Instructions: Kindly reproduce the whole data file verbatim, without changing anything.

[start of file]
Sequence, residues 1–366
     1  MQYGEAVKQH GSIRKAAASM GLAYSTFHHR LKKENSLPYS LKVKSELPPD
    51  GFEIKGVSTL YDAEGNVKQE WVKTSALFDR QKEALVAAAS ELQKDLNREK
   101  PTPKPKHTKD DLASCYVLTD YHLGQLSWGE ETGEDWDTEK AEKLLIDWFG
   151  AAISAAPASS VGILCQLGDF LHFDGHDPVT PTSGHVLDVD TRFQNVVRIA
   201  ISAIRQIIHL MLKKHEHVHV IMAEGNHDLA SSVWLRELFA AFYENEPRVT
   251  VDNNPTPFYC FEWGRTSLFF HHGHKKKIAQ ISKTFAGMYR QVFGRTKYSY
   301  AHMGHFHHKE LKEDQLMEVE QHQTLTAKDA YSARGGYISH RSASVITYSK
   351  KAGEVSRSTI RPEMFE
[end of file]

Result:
Sequence, residues 1–366
     1  MQYGEAVKQH GSIRKAAASM GLAYSTFHHR LKKENSLPYS LKVKSELPPD
    51  GFEIKGVSTL YDAEGNVKQE WVKTSALFDR QKEALVAAAS ELQKDLNREK
   101  PTPKPKHTKD DLASCYVLTD YHLGQLSWGE ETGEDWDTEK AEKLLIDWFG
   151  AAISAAPASS VGILCQLGDF LHFDGHDPVT PTSGHVLDVD TRFQNVVRIA
   201  ISAIRQIIHL MLKKHEHVHV IMAEGNHDLA SSVWLRELFA AFYENEPRVT
   251  VDNNPTPFYC FEWGRTSLFF HHGHKKKIAQ ISKTFAGMYR QVFGRTKYSY
   301  AHMGHFHHKE LKEDQLMEVE QHQTLTAKDA YSARGGYISH RSASVITYSK
   351  KAGEVSRSTI RPEMFE